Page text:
What does having a scientifically defined learning framework, with micro competencies and related lesson plans, do to the autonomy of a teacher?”  

TH: What have you learned and what have you had to change in order to shift, particularly that NGO mindset of “I have the solution?” 

SS: The first thing we’ve learned is we don’t have to start with a solution that we are proposing. First, we have to do a diagnostic and understand – and help the government understand – what their current approach is. How do they do early learning? What have their gaps been? What’s happening in the classroom and what are teachers experiencing? Then one of the things we’ve had to change is to get the conversation started on learning goals, teaching and learning materials, and on an assessment framework with the government as an equal partner. We’re not presenting the framework to them. We’re actually discovering it together. We’re peeling the onion to see what ‘s amiss, what can we contribute?  How can you support that or this is sacrosanct and you can’t touch it?  For example, in India, you can’t touch textbooks.  Textbooks come from NCERT/SCERT (State Education Department) and they just get followed. However, if you want to reorder or the sequence or if you want to skip two chapters and augment them with some supplementary material, we can have that conversation. It has been crucial to understand the constraints and the appetite for change.  It has taken us a while to realize that we’re not helping states start the early learning program we are helping them augment their early learning programs so that kids learn on grade level.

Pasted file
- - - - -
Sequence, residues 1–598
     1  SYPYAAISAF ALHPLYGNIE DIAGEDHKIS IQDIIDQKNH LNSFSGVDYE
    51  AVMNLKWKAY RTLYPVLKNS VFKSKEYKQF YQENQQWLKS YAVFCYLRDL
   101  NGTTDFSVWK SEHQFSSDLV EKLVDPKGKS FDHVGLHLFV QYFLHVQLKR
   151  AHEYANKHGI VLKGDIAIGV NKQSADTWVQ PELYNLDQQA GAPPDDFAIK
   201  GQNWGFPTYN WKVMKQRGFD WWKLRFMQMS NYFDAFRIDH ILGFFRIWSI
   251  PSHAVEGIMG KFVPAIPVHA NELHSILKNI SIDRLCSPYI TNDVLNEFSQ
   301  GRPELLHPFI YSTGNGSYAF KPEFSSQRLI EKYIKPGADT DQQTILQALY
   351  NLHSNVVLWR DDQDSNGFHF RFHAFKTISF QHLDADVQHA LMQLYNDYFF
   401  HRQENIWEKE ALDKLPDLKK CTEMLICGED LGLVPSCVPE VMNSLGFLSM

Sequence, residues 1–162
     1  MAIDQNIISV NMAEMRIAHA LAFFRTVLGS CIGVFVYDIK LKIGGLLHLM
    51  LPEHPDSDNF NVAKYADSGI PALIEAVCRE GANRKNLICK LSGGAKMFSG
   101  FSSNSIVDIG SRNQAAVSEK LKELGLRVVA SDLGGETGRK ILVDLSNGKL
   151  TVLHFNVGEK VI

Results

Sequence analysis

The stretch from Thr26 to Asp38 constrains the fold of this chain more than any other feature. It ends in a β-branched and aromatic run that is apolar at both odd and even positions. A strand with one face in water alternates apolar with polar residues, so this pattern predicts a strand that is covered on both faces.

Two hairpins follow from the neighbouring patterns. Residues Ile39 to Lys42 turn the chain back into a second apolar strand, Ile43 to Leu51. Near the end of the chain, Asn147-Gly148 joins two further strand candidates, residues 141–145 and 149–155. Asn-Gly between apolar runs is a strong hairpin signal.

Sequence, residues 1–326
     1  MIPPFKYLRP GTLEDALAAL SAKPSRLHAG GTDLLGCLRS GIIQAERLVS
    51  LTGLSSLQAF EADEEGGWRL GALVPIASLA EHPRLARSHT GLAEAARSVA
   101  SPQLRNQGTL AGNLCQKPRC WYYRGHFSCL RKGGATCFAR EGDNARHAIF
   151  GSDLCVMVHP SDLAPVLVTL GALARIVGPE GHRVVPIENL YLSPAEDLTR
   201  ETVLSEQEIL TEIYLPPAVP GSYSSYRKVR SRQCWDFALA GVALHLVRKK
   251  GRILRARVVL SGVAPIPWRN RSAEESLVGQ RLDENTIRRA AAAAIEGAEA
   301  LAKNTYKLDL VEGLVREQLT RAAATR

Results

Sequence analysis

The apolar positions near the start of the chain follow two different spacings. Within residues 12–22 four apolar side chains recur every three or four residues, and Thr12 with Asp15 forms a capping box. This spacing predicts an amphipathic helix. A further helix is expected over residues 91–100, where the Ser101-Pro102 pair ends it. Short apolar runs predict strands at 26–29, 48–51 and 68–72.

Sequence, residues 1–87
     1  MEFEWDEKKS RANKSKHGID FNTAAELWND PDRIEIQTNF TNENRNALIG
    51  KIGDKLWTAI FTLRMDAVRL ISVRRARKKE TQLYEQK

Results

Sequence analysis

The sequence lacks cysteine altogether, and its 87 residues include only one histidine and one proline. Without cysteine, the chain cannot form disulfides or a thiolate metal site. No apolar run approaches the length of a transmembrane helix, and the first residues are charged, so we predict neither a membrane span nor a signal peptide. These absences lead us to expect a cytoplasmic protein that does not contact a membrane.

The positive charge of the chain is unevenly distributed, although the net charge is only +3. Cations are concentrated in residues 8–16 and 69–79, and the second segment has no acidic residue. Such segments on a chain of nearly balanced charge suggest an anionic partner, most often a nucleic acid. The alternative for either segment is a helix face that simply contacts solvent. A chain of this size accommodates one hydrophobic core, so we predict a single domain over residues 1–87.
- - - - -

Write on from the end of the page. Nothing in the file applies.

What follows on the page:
It has been crucial to understand the constraints and the appetite for change.  It has taken us a while to realize that we’re not helping states start the early learning program we are helping them augment their early learning programs so that kids learn on grade level.”